The three species of tuna that Americans enjoy eating the most are Albacore, Yellowfin (the Hawaiian word is Ahi) and Bluefin (the Japanese word is Maguro). Albacore is the lightest in flavor and texture, with large meaty flakes. The ubiquitous canned version is called “white tuna” but doesn’t come close to the flavor of freshly caught, which is exquisite. The word Ahi has become popular among restaurants because of this feast, Seared Ahi. Seared but left pink in the middle of the filet, it is the best of both worlds, crispy and explosively tasty and umami on the outside, and lush and sashimi on the inside. Bluefin is wildly popular around the world as sushi, called Maguro on the menu, and is the richest, most dense, and most expensive.
The Ahi pictured here was brutally strong, we battled for an hour and forty minutes. Exhausting but exhilarating.
1 to 1 1/2 pound Ahi tuna, crosscut into equal 3/4 to 1 inch thick filets, about a 1/4 pound each, lightly salted
2 tablespoons finely grated ginger
4 to 6 scallions, chopped
2 tablespoons rice vinegar
2 tablespoons mirin (or 1 teaspoon sugar) and a pinch for the salad dressing
3 tablespoons tamari or soy sauce
2 tablespoons coconut oil AND 1 tablespoon of Canola oil for salad dressing
1 teaspoon sesame oil
2 tablespoon wasabi paste
1 tablespoon toasted sesame seeds
1/2 cup mayonnaise
2 bowls of salad
salt and pepper to taste (we add very little salt because of the soy sauce)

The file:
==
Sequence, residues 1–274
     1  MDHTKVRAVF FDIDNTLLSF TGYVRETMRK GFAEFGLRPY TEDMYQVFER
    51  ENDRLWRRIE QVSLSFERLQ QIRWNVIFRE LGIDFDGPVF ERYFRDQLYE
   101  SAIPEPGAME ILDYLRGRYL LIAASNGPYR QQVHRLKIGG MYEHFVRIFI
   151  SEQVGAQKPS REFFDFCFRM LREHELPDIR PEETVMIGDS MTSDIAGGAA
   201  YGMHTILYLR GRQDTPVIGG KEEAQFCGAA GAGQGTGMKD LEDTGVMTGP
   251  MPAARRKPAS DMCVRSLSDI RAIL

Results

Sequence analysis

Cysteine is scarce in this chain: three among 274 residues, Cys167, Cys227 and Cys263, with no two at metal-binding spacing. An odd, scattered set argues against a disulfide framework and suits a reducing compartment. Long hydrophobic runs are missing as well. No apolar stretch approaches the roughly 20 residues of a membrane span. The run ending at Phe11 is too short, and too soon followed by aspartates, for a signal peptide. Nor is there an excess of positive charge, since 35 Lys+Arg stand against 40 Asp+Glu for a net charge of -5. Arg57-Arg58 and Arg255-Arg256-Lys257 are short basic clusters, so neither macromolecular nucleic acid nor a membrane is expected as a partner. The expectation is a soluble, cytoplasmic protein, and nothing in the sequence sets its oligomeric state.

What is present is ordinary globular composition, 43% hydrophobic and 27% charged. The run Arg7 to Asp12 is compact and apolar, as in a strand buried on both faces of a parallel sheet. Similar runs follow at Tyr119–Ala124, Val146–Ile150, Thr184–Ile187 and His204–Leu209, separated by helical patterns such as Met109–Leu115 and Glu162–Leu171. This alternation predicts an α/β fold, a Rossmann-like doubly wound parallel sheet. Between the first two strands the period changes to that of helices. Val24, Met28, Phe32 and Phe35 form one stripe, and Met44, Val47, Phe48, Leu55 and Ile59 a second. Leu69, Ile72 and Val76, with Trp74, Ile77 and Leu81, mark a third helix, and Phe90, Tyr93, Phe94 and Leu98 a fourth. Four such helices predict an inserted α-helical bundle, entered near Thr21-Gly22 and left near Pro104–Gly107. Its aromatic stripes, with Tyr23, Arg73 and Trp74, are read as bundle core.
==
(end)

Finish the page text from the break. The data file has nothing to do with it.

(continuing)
Combine the mirin (or sugar), tamari (or soy sauce), and ginger in a shallow pan or bowl and marinate the fish for 20 minutes, being sure the marinade is covering the entire filets.
To prepare the salad dressing, whisk together the vinegar, sesame oil, a dash of soy and 1 tablespoon of canola oil, with a pinch of salt. Toss with the salad greens right before serving the ahi. Mix together the mayonnaise and wasabi and set aside.
In a 12 inch cast iron skillet, add 2 tablespoon of coconut oil and heat till almost smoking. If you have a venting system, this would be a good time to turn it on, this will smoke. We like to cook this meal outside on a Coleman stove or the burner on our BBQ.
Making sure the ginger is sticking to the filets, sear each side for about 1 minute.
After all the fish has been seared, pour the remaining marinade into the hot cast iron skillet and it should sizzle and cook down very quickly into a nice thick sauce. Pour over fish and then sprinkle with scallions and sesame seeds.
Clearly we really like sesame seeds!.
Serve on a bed of the Asian vinaigrette salad with steamed white or brown rice. Add a dollop of wasabi mayonnaise. An iconic feast, fresh from the ocean.
This feast included humongous mussels foraged along the rugged coastal rocks of Central California.